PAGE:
Questioning Moshman on Cognitive Development

Now that UNL’s Adolescent Psychology class is finished with David Elkind’s All Grown Up and No Place To Go (which was questioned twice here: I, II), our next book is Adolescent Psychological Development (2nd Edition. The book is written by UNL’s own David Moshman.


Our professor has done a good job going over Moshman’s concepts, so there’s only four questions for this week’s reading. Some information from this section will go into a short reaction paper based on my four-part series, Liberal Education (I, II, III, IV).

On page 7, Moshman writes that “cognitive changes, rather than being arbitrary and idiosyncratic, show a natural tendency to move in the direction of greater rationality.” How does Moshman square this with studies that shows greater genetic influence of beliefs after the age of 20?

On page 15, Moshman writes that “Cognitive development, according to Piaget, is the construction of increasingly sophisticated forms of logic, culminating in the formal operational logic of the adolescent.” On what grounds does Piaget beleive that formal logic is the culmination of cognitive development? Specifically, does he deny the existence of a third-order logic of humans?

On page 16, Mosham says that “Rationality, in its oldest, broadest, and deepest sense, is a matter of having good reasons for one’s beliefs and actions.” If “good” is defined as good for one’s mental or physical health, this impleis that beliefs which are logically sound but detrimental are not good. Doesn’t this imply the existence of a third-order logic which better approximates “rationality”?

From pages 17 to 23, Mosham describes both the dialectic and scientific reasoning as possible stages beyond second-order reasoning. But in both cases, all that is done is the introduction of postulates. This is hardly qualitatively different thinking of the sort that allows one to jump from concrete to logical thinking. Does this add anything new, or merely subtract from formal operations by introducing the constraining postulates?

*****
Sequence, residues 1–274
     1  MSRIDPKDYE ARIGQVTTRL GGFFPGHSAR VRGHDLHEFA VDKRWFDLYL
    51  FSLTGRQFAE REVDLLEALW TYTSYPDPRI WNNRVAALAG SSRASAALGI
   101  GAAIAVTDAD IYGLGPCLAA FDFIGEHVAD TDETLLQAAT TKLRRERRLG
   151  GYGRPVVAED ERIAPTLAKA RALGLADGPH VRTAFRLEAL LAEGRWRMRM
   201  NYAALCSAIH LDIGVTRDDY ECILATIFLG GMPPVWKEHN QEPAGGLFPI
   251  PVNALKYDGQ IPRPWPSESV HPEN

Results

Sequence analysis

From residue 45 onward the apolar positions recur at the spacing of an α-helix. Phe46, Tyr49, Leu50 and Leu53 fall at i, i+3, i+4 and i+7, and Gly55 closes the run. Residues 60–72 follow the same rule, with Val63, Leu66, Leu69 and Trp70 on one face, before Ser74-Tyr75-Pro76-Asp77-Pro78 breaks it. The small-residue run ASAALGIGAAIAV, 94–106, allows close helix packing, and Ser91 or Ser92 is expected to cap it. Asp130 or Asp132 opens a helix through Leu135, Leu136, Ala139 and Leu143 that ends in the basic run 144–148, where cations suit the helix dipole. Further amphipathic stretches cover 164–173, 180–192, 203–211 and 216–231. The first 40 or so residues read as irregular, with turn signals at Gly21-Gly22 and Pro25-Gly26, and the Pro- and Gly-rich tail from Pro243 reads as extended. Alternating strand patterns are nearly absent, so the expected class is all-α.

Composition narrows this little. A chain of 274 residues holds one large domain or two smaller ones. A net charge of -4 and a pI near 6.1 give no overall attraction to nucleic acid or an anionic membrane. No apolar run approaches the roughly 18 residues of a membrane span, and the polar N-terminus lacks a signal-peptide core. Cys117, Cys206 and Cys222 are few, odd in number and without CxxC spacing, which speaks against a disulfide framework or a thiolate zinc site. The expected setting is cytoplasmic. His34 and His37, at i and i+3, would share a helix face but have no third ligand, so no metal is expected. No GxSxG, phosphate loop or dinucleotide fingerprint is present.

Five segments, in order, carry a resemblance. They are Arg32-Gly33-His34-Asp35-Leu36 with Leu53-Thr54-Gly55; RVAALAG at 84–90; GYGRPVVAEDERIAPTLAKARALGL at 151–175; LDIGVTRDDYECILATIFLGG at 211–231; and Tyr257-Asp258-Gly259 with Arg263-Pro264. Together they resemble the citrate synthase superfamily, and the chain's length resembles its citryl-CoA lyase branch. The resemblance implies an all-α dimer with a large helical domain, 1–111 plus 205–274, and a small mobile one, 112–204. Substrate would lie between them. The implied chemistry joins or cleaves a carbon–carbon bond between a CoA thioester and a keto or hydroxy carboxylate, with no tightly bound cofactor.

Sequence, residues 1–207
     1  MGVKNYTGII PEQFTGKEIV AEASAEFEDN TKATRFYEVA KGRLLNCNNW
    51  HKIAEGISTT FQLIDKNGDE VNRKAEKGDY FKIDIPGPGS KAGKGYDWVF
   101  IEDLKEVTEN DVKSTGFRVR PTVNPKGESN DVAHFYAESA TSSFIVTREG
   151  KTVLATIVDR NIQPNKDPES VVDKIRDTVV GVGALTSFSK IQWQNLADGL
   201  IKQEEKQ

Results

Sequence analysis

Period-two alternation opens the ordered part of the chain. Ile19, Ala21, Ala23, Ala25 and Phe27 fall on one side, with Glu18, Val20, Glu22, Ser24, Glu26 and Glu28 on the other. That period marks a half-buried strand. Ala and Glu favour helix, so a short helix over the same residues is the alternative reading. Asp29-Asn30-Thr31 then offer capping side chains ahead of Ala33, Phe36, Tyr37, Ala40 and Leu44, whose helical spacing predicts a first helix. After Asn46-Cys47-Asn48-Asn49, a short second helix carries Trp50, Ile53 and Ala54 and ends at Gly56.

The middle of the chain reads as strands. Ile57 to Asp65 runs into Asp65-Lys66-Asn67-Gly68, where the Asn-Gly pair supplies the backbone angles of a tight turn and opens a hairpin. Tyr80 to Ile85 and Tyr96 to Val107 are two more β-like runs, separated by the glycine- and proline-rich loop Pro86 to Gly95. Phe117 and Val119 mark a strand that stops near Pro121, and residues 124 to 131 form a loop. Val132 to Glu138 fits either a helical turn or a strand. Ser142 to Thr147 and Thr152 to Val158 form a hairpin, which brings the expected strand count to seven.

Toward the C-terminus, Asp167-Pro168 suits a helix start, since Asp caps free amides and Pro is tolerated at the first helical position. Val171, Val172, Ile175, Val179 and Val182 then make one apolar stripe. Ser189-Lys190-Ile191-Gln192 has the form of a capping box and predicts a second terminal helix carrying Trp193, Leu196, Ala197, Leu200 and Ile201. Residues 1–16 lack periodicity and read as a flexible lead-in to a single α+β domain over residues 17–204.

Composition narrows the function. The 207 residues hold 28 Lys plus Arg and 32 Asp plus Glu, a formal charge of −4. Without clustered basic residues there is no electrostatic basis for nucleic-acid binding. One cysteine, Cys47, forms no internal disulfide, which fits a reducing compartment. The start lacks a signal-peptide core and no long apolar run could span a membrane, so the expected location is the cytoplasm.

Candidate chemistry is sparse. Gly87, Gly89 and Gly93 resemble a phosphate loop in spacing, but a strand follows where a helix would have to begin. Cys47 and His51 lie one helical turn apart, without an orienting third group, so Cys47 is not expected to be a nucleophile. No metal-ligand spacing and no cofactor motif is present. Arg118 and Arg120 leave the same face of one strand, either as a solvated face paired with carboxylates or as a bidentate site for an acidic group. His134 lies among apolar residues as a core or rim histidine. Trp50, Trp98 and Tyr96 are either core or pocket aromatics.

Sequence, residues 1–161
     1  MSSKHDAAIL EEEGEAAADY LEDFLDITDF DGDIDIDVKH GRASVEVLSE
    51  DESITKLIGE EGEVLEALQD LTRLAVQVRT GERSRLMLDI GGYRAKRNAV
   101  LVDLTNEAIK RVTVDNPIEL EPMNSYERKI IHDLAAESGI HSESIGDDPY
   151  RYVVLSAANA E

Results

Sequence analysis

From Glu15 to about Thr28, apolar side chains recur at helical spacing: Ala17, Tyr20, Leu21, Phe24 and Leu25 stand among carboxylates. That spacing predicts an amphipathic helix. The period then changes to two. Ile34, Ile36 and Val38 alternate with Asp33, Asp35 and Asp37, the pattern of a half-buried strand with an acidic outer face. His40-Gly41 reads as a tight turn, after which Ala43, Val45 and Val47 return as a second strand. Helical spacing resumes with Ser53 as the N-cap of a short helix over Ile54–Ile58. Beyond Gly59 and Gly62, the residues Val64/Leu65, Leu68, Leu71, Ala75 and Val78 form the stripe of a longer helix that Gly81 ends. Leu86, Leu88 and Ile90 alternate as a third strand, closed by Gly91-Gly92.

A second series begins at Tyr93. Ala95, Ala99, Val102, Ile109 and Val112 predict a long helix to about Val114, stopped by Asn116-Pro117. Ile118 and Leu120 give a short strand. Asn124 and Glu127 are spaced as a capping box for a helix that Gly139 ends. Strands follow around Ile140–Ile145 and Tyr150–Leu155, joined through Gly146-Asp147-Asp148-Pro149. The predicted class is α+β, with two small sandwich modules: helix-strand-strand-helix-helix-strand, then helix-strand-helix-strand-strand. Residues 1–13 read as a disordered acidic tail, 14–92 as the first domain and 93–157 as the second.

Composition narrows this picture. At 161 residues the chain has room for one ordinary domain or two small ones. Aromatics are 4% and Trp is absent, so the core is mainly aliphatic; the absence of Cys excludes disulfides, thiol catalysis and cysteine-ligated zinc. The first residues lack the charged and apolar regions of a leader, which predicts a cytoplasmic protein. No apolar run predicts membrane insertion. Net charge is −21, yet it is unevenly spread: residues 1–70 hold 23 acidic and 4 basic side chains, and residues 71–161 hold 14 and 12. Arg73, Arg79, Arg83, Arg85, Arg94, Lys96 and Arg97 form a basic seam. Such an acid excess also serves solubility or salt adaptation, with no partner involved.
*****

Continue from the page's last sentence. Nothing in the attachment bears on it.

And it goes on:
Update: Questions for the next reading section, also on cognitive development:

On page 28, Moshman describes an experiment where children, adolescents, and young adults were given logical problems based on promises that the audience would view as true, neutral, or false. However, all of these ages are very much under the guidance of learned beliefs. How would the tests have turned out if the subjects were older, and the information went against genetic predispositions?

On pages 28-29, Moshman argues that all children naturally develop a constructivist theory of mind. If this is the true, then why was constructivism not the first psychological theory to be widely accepted?

On 31, Moshman says traditional research on epistemic cognition involved interviews based on justification for beliefs. Isn’t this just measuring linguistic and interpersonal intelligence — and not intrapersonal intelligence at all? That is, “high performing” subjects know what they “should” say and they know how to say it. Isn’t this quite different from metacognition?

On 33, Moshman writers “research does not support a categorical distinction between cultural groups in reasoning. Neither East Asians, Westerners, nor any other culturla groups has been shown to rely on a paritcular kind of reasoning to the exclusion of the other.” This seems to be a straw-man argument. The party of the brain that comprehend western characters and chinese characters are different, for instance, and this is shown by stroke survivors who lose the ability to use one but not the other. Wouldn’t the cululative effect of this mental exercises naturally produce different thinking patterns?

On page 37, Moshman notes that while individual scores for the card turning experiment are terrible, collective scores are quite high. What is the broader relation of Moshman’s to the work of Surowiecki (author of The Wisdom of Crowds)?

On page 44, Moshman lists rationality has constructed by the processes of reflection, coordination, and peer interaction. Yet is reflection really necessary? If instead of a cooperative exercise, Nora North and Simon South were playing some high-tempo game, which gave them coordination of experiences and peer interaction, wouldn’t they have rationally realized the “true” location of objections without reflection? Or is reflection defined so broadly that even reflection that occurs subconsciously count? If so, is this a useful definition?

On pages 45 and 46, Moshman says that asymmetric power relationships are more educative than symmetric power relationships. If this is true, wouldn’t schools do well be to structured around free-play and free-gossip, and keeping classroom time to a minimum?

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